The Data protection Bill of 2019 under Section 20 statutorily codifies the right to be forgotten in India which however is not currently available under the current data protection regime. According to Section 20, the person whose personal information is in question, also known as the data principle, has the right to restrict disclosure of his/her information by any data fiduciary or the person with who controls and stores the data. Certain pre-conditions have been established, the fulfillment of any one of these satisfies the right of the individual to enforce: (i) it is no longer necessary in the sense that its purpose has been fulfilled; or (ii) was made on the basis of the data principal’s consent and such consent has since been withdrawn; or (iii) publication of such data is in contradiction to the data protection act or any other law in force. Moreover, it has also been clarified by the Ministry of Electronics and Information Technology that the right to privacy envisaged under the fundamental right to life and liberty under art. 21 guarantees the right to be forgotten as well[3]. While it is a welcome change to provide relief to those whose damaging information about their personal life gets circulated on the internet, it is not absent of contentious issues with regards to the effects of its implementation and conflict with other rights.

While restricting the use of personal data by a corporate for commercial purposes, which would cause harm to the individual’s right to live with dignity, can be right justifiable, and records held by public authorities is a different story. Section 20 of the 2019 data protection bill ensures protection even against information held and processed by a public authority. That is, Section 35 to 40 of the Act deals with exemption regarding whom the restriction of the Act applies in instances where the processing of personal data which is necessary. This includes among other things, journalistic purpose and any other instances which the central government deems fit. Therefore, such restriction and limitation will not apply if the personal data is held by a media organization which is able to show that the processing of personal data is required for a journalistic purposes.

Right to privacy, the right to information and maintenance of judicial transparency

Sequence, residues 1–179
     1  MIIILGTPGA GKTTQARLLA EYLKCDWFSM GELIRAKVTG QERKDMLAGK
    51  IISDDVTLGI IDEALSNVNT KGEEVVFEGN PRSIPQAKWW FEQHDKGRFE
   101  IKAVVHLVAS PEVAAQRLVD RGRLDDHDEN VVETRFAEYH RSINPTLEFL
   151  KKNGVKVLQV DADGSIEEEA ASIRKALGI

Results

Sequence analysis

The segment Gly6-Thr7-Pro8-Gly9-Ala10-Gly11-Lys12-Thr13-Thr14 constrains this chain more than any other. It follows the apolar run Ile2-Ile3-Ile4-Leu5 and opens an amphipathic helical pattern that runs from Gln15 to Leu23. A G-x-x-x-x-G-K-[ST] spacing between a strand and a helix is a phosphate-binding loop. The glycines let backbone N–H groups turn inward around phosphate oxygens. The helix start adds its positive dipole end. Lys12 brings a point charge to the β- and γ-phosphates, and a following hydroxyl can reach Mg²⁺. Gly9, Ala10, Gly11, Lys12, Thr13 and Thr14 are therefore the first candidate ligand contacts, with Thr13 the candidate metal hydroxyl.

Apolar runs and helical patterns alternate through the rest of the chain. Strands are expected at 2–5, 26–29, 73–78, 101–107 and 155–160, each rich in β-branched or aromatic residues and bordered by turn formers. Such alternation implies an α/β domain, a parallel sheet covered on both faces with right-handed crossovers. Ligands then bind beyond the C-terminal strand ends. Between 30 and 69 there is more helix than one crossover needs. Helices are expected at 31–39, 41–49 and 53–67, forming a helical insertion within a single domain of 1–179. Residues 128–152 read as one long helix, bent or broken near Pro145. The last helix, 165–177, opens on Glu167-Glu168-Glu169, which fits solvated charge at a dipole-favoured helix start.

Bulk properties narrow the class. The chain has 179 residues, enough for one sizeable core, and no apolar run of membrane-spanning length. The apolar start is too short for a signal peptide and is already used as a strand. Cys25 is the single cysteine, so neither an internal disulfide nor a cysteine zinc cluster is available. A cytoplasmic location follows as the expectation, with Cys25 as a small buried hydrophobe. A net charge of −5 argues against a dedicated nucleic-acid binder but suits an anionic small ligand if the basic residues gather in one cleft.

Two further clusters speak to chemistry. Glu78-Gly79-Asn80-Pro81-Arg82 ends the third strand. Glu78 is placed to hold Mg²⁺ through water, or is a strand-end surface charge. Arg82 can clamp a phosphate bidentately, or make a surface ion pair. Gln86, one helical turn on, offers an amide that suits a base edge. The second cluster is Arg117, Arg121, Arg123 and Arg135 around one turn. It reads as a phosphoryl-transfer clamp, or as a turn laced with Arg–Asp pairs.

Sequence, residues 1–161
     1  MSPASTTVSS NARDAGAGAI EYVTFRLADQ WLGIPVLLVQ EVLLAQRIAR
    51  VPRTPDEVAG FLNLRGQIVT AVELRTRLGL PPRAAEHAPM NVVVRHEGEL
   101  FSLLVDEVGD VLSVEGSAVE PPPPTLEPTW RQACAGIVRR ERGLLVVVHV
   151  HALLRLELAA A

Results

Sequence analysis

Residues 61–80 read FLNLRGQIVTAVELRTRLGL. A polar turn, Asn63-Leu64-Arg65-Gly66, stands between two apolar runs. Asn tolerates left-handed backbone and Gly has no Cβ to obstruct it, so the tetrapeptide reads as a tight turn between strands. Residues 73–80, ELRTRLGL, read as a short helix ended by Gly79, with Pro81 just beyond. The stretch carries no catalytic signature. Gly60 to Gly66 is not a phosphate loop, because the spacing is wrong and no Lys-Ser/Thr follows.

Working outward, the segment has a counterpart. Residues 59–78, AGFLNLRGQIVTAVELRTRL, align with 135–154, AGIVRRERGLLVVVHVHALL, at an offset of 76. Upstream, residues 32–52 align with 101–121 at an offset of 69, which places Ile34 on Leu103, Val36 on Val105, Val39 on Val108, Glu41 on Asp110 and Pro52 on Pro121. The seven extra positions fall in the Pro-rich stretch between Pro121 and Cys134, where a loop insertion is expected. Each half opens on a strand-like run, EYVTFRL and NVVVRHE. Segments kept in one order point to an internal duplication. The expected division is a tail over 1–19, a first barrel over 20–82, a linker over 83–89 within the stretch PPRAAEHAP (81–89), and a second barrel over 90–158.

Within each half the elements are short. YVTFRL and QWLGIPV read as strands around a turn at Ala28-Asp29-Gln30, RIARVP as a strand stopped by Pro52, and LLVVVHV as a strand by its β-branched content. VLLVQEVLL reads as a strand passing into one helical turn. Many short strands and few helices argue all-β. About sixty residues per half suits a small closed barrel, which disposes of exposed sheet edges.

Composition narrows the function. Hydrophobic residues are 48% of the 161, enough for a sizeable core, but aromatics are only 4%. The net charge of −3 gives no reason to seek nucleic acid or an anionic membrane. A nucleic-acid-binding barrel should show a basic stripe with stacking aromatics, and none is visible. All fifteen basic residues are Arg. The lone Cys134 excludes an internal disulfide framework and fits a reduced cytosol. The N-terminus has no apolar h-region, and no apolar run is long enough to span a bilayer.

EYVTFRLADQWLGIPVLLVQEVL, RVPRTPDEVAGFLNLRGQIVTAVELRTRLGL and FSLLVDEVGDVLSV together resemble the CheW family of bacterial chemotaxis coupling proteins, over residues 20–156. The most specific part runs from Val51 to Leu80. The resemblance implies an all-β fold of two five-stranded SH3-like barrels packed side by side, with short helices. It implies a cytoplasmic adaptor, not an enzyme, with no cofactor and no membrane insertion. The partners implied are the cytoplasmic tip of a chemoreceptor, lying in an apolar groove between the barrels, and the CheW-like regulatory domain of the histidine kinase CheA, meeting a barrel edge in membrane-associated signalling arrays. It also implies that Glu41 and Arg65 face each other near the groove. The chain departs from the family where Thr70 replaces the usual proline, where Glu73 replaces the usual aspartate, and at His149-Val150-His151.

The Right to Information Act was implemented recognizing need for ensuring transparency on the working of and information withheld by public authorities in a democratic society. There is bound of conflict between right to forgotten included within the right to privacy and such right to information. Section 8 of the RTI act contains certain exemptions regarding the public’s right to access information from public authorities, which includes instances which affect the protection of sovereignty of the nation, trade secrets, intellectual property rights are involved or if there is a court order restricting such disclosure etc. to name a few. Article 8 (j) also talks about non-disclosure of information which is a personal data but does not explicitly use the term public data and instead uses the term ‘public information’. Such disclosure may only be permissible in instances where greater good of the public is at stake. In case recent case of Jorawer Singh Mundy vs. Union of India & Ors[4] The Delhi High Court is to adjudicate on striking the balance between protecting privacy and the public’s right to information and maintenance of judicial transparency by removal of court orders from online platforms. While the case if still pending for final adjudication the court prima facie was of the opinion that the petitioner is entitled to interim protection while the matter is still pending before the court. The above order of the Delhi HC is based on an earlier permanent injunction granted in the case of Zulfiqar Ahman Khan v. M/S Quintillion Business Media Pvt. Ltd. & Ors[5] and Orissa HC’s opinion in the 2020 case of Subhranshu Rout v. State of Odisha[6] where the courts recognized the right to be forgotten and left alone.